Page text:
Just outside the hallway, an officer in black uniform says, “If you want to start getting kids out, I can start jumping them,” but it is not clear what he is referring to or what happened next. Mendoza follows acting chief Pargas back in the hallway.

On Sunday, the city of Uvalde announced that Pargas had been placed on administrative leave “to investigate whether Lt. Pargas was responsible for taking command on May 24, what specific actions Lt. Pargas took to establish that command, and whether it was even feasible given all the agencies involved and other possible policy violations.”

CNN has reached out to Pargas for comment and has not received an answer yet.

Preparations to tackle the gunman

Canisters of gas and flash-bang grenades arrive on scene but have to be sorted out and there are no gas masks immediately available.

Closer to the classroom, there is no response to the outreach and minutes later Arredondo is seen fumbling with a bunch of keys trying to open a door down the hall. Another officer also tries the keys and an attempt is made to pry open the door too. It stays shut.

At 12:34 p.m., with a man still trying bunches of keys to open a door, officers talk about how they still do not have a “visual” — a way to see into — the classroom.

As someone asks if there is anyone in the room with the gunman, Arredondo and Coronado both confirm they believe there are casualties.

The new video shows the preparation for a breach close up, for minutes and minutes as more and more officers come in and take stock of the situation, standing in the hallways decorated with children’s work and a huge colorful “Congrats” sign for the end of the school year.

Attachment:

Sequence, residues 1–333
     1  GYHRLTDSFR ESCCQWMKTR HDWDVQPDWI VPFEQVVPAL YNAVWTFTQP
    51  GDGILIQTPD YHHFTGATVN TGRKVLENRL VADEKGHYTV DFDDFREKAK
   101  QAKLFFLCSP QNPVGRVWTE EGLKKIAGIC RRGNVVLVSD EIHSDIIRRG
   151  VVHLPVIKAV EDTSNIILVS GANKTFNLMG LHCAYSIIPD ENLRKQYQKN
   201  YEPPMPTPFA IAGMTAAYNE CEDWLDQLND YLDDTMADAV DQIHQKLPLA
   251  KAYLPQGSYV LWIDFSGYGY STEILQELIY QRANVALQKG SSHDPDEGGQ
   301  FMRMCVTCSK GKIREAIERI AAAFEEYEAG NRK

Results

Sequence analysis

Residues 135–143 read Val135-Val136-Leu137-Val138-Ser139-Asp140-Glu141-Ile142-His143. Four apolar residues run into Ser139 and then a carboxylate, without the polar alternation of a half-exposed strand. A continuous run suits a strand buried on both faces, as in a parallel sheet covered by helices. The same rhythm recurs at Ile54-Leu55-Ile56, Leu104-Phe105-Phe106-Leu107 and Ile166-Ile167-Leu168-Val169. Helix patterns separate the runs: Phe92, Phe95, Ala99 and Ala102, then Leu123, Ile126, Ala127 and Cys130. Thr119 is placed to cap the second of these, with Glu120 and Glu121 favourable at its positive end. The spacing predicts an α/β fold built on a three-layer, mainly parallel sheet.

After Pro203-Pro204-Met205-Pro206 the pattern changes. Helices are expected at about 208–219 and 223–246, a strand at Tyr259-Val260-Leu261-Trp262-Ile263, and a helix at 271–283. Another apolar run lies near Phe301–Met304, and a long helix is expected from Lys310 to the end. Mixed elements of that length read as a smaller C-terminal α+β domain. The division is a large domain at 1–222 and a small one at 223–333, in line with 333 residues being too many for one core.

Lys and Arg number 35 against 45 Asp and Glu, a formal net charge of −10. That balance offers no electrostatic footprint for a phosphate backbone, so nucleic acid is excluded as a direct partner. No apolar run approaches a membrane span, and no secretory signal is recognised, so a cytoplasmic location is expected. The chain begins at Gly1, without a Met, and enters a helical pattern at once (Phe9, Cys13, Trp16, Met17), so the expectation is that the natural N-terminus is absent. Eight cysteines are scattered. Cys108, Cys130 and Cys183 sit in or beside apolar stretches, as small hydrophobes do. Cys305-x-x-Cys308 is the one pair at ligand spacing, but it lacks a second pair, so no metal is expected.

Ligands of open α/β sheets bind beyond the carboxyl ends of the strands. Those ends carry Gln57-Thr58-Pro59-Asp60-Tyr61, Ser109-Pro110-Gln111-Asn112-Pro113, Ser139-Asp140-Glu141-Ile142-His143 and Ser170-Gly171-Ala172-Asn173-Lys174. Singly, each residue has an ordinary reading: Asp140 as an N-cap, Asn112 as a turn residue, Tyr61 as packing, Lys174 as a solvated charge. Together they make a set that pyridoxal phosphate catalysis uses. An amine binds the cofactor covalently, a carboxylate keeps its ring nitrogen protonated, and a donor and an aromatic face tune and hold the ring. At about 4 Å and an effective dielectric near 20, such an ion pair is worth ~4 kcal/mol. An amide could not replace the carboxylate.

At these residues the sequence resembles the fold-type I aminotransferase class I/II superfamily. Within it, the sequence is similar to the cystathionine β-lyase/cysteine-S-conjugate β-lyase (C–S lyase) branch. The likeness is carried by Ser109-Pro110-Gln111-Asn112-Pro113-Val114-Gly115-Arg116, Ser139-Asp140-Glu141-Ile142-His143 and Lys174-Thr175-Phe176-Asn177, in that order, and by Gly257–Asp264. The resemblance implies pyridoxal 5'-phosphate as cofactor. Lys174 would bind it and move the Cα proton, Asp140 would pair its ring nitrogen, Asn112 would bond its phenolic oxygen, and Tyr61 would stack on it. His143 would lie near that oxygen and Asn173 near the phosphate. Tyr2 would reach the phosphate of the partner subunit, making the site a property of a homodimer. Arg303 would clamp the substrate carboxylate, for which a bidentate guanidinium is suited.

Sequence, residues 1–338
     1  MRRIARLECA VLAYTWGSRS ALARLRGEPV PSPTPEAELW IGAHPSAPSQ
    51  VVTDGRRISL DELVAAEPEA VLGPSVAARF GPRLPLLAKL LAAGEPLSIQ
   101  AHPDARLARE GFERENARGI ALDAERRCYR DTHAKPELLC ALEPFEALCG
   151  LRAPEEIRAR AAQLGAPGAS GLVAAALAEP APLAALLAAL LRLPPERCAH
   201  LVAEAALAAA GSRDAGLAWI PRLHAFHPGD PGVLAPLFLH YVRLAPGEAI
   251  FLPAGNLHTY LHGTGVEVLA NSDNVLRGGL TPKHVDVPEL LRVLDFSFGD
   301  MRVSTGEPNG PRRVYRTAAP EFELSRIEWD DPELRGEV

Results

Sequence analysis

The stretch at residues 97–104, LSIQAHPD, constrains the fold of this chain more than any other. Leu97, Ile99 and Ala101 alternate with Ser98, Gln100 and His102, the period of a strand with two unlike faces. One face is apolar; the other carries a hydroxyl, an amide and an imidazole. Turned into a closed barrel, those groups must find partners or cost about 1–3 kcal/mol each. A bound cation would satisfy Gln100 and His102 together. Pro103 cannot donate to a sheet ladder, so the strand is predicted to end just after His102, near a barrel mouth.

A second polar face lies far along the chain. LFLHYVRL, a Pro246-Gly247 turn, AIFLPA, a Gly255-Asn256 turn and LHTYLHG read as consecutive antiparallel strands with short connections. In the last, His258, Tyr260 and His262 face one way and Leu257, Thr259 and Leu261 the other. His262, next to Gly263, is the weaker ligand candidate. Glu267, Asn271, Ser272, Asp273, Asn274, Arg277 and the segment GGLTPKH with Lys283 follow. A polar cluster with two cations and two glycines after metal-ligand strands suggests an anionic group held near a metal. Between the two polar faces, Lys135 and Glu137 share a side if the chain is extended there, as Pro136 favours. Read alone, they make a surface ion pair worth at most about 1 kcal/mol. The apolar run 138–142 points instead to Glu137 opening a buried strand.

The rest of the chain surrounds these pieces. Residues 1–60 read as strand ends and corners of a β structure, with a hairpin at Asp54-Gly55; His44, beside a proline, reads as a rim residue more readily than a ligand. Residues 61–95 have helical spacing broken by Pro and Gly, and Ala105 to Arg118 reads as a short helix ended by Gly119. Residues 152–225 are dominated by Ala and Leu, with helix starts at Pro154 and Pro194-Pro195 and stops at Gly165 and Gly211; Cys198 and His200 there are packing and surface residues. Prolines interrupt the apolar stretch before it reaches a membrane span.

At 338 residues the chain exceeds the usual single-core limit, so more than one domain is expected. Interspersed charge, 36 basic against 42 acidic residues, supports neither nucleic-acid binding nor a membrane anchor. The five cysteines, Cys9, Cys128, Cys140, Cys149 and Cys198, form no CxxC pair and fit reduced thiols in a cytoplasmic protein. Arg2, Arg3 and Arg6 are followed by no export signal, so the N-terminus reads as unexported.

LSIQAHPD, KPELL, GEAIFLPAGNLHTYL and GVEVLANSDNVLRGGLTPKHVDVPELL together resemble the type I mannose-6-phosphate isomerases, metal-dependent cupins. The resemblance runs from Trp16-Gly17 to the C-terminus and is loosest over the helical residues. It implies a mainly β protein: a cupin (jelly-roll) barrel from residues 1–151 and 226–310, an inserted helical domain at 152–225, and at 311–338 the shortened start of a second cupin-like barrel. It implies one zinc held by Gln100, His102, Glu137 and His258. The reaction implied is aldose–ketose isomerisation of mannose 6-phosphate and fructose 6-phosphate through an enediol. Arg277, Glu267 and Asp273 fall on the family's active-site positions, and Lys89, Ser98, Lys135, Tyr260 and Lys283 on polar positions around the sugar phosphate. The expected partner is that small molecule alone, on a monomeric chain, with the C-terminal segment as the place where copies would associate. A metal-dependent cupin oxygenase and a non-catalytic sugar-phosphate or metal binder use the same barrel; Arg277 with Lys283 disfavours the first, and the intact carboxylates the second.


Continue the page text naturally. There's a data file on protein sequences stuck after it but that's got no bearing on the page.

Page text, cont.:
At 12:49 p.m. a helicopter is advised to keep watch in case the shooter tries to escape through the ceiling and then the roof.

Coronado’s bodycam captures officers talking about a burning smell but all appears quiet around Arredondo.

The videos do not show the breach of the classroom door, the confrontation with and killing of the gunman, or the horrific scenes inside the classroom.

On Sunday, McLaughlin told families that Pargas has been suspended, CNN learned.

‘Enough’s enough’

The bodycam footage and other evidence have been in official hands since the massacre May 24, but the release of information has not happened.

After initial praise for law enforcement from Texas Gov. Greg Abbott and others, it soon became clear how long it took for officers to effectively challenge the shooter and get help for victims. Their approach and a changing timeline of what happened has been roundly condemned by experts as well as heartbroken families who called

the officers in the hallway “cowards.”

Mayor McLaughlin told CNN on Sunday that he and others had been told by the district attorney’s office “from Day 1” not to release anything, but he considered that as no longer applicable given the leaking of the hallway surveillance in particular.

“I’m tired of the families getting dumped on,” he said.

“The families have suffered more than anybody already with the loss of their children. And they have been slapped in the face at every turn. Enough’s enough,” he continued.

“We’ve asked for transparency. We’ve asked for it from the investigation. I don’t think we’re still getting it, but at least whatever we have, we’re going to release and we’re going to be transparent.”

Busbee, the Uvalde County prosecutor, said in a statement last month that “any release of records to that incident at this time would interfere with said ongoing investigation and would impede a thorough and complete investigation.”

July 18, 2022 at 04:39AM

0 %
0 %
0 %
0 %
0 %
0 %

Average Rating

5 Star
4 Star
3 Star
2 Star
1 Star

Leave a Reply

Your email address will not be published. Required fields are marked *

Previous post Watch: New bodycam video from Uvalde shooting shows what unfolded after police arrived
Next post Responders didn’t prioritize saving victims’ lives, report says